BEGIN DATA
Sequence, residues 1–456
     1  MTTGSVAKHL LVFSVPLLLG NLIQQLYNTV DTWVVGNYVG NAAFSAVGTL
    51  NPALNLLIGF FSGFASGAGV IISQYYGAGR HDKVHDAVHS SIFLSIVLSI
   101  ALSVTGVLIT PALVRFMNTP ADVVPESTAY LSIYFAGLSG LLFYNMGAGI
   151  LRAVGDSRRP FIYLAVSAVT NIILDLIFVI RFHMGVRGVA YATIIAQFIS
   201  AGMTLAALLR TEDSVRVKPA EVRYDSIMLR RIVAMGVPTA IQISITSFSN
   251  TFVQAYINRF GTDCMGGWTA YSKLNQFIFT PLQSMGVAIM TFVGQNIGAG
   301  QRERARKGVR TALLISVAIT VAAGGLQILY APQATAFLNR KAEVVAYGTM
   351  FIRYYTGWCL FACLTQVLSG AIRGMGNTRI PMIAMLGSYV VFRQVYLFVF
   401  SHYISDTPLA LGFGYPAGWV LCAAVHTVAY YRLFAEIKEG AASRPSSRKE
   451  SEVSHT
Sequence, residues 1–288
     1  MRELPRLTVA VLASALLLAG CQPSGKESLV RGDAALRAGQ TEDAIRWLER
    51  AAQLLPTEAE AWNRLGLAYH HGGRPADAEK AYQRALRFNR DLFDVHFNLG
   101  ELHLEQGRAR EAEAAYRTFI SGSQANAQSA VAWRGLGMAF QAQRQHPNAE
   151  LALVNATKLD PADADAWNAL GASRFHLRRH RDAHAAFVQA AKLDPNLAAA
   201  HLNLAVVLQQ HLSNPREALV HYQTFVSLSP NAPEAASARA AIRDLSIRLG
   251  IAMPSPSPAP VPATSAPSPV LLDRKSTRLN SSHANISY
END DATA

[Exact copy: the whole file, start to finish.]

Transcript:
Sequence, residues 1–456
     1  MTTGSVAKHL LVFSVPLLLG NLIQQLYNTV DTWVVGNYVG NAAFSAVGTL
    51  NPALNLLIGF FSGFASGAGV IISQYYGAGR HDKVHDAVHS SIFLSIVLSI
   101  ALSVTGVLIT PALVRFMNTP ADVVPESTAY LSIYFAGLSG LLFYNMGAGI
   151  LRAVGDSRRP FIYLAVSAVT NIILDLIFVI RFHMGVRGVA YATIIAQFIS
   201  AGMTLAALLR TEDSVRVKPA EVRYDSIMLR RIVAMGVPTA IQISITSFSN
   251  TFVQAYINRF GTDCMGGWTA YSKLNQFIFT PLQSMGVAIM TFVGQNIGAG
   301  QRERARKGVR TALLISVAIT VAAGGLQILY APQATAFLNR KAEVVAYGTM
   351  FIRYYTGWCL FACLTQVLSG AIRGMGNTRI PMIAMLGSYV VFRQVYLFVF
   401  SHYISDTPLA LGFGYPAGWV LCAAVHTVAY YRLFAEIKEG AASRPSSRKE
   451  SEVSHT
Sequence, residues 1–288
     1  MRELPRLTVA VLASALLLAG CQPSGKESLV RGDAALRAGQ TEDAIRWLER
    51  AAQLLPTEAE AWNRLGLAYH HGGRPADAEK AYQRALRFNR DLFDVHFNLG
   101  ELHLEQGRAR EAEAAYRTFI SGSQANAQSA VAWRGLGMAF QAQRQHPNAE
   151  LALVNATKLD PADADAWNAL GASRFHLRRH RDAHAAFVQA AKLDPNLAAA
   201  HLNLAVVLQQ HLSNPREALV HYQTFVSLSP NAPEAASARA AIRDLSIRLG
   251  IAMPSPSPAP VPATSAPSPV LLDRKSTRLN SSHANISY